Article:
Sanctions and North Korea: The Good Old Days Are Gone for Good

“It isn’t necessary to imagine the world ending in fire or ice. There are two other possibilities: one is paperwork, and the other is nostalgia.”
Frank Zappa

“Nostalgia is a seductive liar.”
George Ball

I spent last New Year’s Eve celebrating the end of 2023 with a group of expatriate Russians, some of whom fled during the Soviet era and others who had just arrived in flight from the catastrophe that is the Putin regime and its invasion of Ukraine. As is often the case on New Year’s Eve in Russian households, the TV was on showing a Russian New Year’s Eve show. The show looked too free-wheeling and avant-garde to be streaming from Putin’s Moscow—if streaming from Moscow were even an option under current sanctions. When I asked my hosts about it, they said it was a recorded show from the late 1990s.

“I do so miss the nineties,” I commented.

“Not as much as we do,” the Russians all replied.

This is the same reaction I had to my respected former State Department colleague, Anthony Ruggiero’s, recent 38 North post on sanctioning the Democratic People’s Republic of Korea (DPRK or North Korea), Russia and China. I miss that moment in history when US geopolitical and economic power could shift North Korean behavior. Nothing would make me happier than to agree with the Joe Biden administration’s rhetoric about the use of sanctions in the current environment. (I wish I had not laughed out loud at the administration’s statement it was going to the United Nations Security Council to deal with Russia’s blatant violation of the prohibition on arms transfers from North Korea.)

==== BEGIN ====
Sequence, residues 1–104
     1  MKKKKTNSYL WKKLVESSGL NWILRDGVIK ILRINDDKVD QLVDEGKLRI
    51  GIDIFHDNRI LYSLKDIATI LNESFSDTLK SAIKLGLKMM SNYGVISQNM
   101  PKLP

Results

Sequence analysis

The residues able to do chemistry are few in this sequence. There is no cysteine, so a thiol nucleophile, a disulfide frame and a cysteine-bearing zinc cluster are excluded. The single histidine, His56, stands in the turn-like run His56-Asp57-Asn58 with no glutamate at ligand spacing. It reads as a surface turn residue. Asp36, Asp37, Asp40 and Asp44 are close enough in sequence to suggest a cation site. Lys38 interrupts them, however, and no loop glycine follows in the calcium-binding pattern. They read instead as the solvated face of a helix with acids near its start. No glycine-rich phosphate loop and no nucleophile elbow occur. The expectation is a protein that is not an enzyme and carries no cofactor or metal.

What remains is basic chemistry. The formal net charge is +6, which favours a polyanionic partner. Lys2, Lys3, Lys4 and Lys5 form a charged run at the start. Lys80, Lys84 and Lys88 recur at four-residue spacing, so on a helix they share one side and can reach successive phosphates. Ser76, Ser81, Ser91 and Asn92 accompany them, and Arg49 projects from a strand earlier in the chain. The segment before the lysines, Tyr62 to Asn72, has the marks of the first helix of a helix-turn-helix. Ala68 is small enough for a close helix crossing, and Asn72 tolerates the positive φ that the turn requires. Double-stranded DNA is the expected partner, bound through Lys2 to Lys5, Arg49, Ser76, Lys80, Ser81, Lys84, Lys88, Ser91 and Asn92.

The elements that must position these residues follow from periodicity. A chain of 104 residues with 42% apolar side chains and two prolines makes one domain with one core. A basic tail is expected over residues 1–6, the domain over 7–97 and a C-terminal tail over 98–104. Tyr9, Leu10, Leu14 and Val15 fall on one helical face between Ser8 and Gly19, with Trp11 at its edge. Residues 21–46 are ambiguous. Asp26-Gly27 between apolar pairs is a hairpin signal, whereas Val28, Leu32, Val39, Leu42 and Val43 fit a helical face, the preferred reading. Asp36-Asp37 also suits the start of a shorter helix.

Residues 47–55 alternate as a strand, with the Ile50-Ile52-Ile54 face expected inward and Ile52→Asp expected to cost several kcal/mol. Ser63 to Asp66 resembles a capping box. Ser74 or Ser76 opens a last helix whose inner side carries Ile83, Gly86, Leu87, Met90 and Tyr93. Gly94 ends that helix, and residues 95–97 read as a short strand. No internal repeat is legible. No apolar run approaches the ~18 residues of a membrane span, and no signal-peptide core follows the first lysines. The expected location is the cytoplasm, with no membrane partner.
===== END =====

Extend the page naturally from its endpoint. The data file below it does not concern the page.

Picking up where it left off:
It would be wonderful if we could play a recording of the unique set of circumstances at the end of the Barack Obama and the first year of the Donald Trump administrations that made effective sanctions against North Korea a genuine policy lever against Pyongyang. Alas, such nostalgia is best left to a melancholy Russian New Year’s Eve party. In 2024, geopolitics trumps finance and foreign perceptions of US policy now and its likely future behavior, undermining any hope that we can achieve the psychological dominance necessary to coerce better behavior in Pyongyang through sanctions.

Geopolitics Rule the Field

First, it is important to clear up a misimpression one could have about Russia when reading Ruggiero’s post. Russia has been hit very hard by sanctions. Hundreds of billions of dollars’ worth of assets have been seized. Russia has lost its stranglehold of the European oil and gas market. Its banks have lost easy, legal access to major financial markets. It has lost billions in foreign investment. It has to scramble through illegal channels to obtain civilian and military technology. It cannot legally buy weapons or weapons technology from the West, and it has not found other advanced suppliers willing to run openly the risks entailed in becoming alternate suppliers. It has turned to North Korea and Iran for weapons out of desperation.